E XCERP T
An important distinction must be made between
Mission and Vision statements: while the Mission
Statement defines the organization’s purpose, the Vision Statement outlines its future aspirations, or what
it hopes to be “post-transformation”.
DEVELOP AN ORGANIZATIONAL CHANGE MANAGEMENT PLAN
The logical step after conducting the Current State
Assessment and developing the organizational strategy may seem to be designing the future state. Proceeding to that step immediately, however, would
place the success of transformation in doubt. Given
that a business transformation is by nature a transformational change for the whole organization, it
is critical to consider and plan for its impact on all
aspects of the business and its employees. Organizational Change Management (OCM) is the “soft” side
of business transformation. While numerous technical considerations help to define and implement the
future state vision, the focus of OCM is to make employees aware of, and engaged in, the change effort.
Executed properly, OCM can remove obstructions
that prevent change from occurring, accelerate the
transformation, and positively impact post-transformation sustainment. Three common components of
OCM are stakeholder analyses, communication plans,
and training plans. The communication component of
OCM is critical to successful business transformation. If employees and stakeholders do not understand
the purpose and vision for the change initiative, they
may become resistant, stopping progress in its tracks.
Effective communication plans often overcome these
challenges by communicating the vision for change
repeatedly and through all available channels.
DESIGN THE FUTURE S TATE AND DEVELOP AN IMPLEMEN TATION
Once the need for Organizational Change Manage-
ment has been accepted, business transformation can
proceed to designing the Future State and developing
an Implementation Plan. Once complete by the orga-
nization, this step will have defined the way forward
and developed a plan for making the business vision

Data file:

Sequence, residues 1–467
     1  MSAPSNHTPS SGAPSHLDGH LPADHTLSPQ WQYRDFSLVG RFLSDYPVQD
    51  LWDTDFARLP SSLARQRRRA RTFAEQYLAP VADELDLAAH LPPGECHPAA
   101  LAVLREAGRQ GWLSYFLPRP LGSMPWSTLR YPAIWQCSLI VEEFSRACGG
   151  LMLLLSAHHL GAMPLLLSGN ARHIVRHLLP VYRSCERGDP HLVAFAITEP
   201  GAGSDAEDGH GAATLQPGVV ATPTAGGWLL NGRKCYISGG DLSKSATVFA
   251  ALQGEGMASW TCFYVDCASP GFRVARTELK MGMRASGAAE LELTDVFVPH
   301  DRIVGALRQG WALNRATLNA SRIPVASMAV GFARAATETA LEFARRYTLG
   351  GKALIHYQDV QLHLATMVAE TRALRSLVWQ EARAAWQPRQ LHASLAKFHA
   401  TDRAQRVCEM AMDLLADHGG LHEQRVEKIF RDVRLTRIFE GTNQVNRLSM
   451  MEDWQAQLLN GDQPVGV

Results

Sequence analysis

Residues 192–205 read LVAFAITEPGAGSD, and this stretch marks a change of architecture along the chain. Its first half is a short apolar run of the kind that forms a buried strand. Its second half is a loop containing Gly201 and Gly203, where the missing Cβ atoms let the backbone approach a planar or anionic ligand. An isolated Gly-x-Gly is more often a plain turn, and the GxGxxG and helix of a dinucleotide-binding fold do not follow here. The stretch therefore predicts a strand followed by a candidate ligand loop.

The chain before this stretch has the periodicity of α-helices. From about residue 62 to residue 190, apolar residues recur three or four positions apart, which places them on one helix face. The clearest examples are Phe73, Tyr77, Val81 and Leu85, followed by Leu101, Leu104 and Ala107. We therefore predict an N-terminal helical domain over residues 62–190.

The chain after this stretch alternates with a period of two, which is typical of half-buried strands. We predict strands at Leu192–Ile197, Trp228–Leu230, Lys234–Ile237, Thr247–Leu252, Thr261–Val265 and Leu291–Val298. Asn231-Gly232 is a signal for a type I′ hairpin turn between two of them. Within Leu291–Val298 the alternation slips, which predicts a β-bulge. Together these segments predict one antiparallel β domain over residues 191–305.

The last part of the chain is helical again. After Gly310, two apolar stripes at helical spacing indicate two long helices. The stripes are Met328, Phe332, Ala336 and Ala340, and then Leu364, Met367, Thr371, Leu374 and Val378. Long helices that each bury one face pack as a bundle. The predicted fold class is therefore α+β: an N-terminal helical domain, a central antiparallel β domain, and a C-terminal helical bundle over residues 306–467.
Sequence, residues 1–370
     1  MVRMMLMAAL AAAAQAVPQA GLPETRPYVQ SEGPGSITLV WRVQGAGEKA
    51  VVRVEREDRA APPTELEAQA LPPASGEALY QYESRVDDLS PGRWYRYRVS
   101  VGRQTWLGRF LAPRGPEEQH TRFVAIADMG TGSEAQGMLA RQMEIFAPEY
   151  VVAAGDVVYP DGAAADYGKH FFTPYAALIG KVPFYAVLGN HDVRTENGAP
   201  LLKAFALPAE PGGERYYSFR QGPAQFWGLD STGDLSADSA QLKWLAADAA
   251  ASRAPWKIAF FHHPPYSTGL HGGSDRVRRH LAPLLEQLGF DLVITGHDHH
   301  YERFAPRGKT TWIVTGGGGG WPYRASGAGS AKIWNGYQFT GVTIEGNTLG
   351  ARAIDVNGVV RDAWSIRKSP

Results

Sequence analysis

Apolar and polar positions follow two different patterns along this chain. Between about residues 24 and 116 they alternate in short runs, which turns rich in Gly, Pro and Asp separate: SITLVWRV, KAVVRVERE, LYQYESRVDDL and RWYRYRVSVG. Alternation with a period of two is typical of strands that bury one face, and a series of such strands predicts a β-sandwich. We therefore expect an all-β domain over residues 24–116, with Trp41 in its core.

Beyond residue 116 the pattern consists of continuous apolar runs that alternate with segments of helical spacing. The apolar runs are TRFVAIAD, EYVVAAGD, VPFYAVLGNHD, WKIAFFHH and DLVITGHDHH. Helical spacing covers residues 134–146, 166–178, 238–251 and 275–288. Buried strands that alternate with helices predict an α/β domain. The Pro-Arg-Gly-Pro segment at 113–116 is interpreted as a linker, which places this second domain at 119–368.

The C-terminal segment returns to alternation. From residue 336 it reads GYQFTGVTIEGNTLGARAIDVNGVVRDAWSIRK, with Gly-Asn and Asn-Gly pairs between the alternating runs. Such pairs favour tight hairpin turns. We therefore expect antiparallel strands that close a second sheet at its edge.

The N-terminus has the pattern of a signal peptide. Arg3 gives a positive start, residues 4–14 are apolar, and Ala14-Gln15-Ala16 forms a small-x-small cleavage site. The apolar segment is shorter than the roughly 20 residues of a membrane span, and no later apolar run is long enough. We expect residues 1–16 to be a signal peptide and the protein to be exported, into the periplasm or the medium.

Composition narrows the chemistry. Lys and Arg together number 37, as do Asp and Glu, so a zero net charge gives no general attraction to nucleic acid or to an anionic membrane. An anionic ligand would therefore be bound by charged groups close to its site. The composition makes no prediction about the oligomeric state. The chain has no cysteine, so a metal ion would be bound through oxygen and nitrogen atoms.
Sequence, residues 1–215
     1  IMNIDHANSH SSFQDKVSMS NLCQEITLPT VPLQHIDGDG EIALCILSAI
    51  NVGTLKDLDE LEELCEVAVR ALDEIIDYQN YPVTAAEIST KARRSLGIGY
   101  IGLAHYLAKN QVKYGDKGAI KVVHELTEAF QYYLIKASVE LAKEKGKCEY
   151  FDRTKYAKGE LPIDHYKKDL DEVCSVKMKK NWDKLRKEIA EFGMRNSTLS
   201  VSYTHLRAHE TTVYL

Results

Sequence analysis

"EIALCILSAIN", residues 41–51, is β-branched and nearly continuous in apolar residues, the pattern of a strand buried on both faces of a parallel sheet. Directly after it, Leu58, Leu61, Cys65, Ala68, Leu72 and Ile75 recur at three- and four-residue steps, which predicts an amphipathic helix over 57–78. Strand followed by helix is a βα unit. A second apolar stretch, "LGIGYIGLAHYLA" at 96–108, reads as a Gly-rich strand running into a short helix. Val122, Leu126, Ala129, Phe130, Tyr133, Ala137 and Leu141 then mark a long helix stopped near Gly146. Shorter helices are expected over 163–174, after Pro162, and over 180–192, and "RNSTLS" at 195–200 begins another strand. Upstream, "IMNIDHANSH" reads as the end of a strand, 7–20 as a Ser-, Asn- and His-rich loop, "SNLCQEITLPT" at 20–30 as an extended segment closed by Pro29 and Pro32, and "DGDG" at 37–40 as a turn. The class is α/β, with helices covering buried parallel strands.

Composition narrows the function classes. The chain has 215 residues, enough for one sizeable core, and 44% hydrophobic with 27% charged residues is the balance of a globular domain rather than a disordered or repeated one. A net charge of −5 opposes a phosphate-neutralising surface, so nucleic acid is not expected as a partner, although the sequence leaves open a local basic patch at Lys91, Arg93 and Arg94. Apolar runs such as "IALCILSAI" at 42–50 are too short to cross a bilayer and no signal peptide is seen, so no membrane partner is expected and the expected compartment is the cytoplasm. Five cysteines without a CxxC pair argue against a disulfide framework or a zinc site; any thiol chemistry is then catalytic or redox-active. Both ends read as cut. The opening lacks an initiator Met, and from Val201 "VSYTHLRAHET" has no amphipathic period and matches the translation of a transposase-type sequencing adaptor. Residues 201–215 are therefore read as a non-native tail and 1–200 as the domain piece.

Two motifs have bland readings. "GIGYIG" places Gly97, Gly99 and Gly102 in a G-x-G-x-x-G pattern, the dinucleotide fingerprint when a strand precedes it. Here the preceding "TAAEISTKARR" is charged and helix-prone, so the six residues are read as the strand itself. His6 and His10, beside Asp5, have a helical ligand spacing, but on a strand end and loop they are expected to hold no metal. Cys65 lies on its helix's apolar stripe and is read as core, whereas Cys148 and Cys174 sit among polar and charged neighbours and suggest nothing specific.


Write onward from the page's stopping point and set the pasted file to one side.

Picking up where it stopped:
a reality. Using the organizational strategy as a start-
ing point, business leaders must outline technical as-
pects of proposed changes. Re-visit the Organizational
Alignment model from Step One to test the complete-
ness and alignment of the future design. Is the orga-
nizational strategy supported by adequate measure-
ment and management systems? Do the processes and
technology solutions achieve the desired results rela-
tive to the strategy? Are the organization’s resources
(employees or equipment) aligned to the new produc-
tion system? If the answer to each of these questions
is “yes” then management can proceed to develop an
implementation plan that, in concert with the Organi-
zational Change Management Plan, can be enacted to
turn the aspirational vision into reality.
IMPLEMENT CHANGES AND SUSTAIN IMPROVEMENTS
Although implementation and sustainment are the
final components of business transformation, plenty
of risks to success remain. Rushing implementation
can place extreme pressure on existing operations and
staff, resulting in the re-emergence of employees’ resistance to change. Business leaders must be careful to
ensure that the change initiative doesn’t fall victim to
“the way we’ve always done it”.
The most direct method to ensuring a proper pace of
implementation is to follow these steps: apply the Plan,
Do, Check, Act (PDCA). The PDCA model is commonly
used in lean management. It dictates that required changes are made one at a time and in proper sequence. This
meticulous approach allows each change to be properly
implemented, measured, and adjusted as needed before
moving on to the next item on the implementation plan.
Implementing multiple changes to a system at once
makes it difficult to ensure that each change is having
a positive effect.
Another benefit of the PDCA model is that it can help
drive a post-transformation, continuous improvement
program—a critical component to ongoing sustainment.
Following these five steps in sequence, and with realistic timelines, will be a leap in the right direction for
any business transformation initiative.
TIP TO THRIVE
“True leadership is about making other people better as a result of your presence and making sure your
impact endures in your absence.”
HARVARD BUSINESS SCHOOL; LEADERSHIP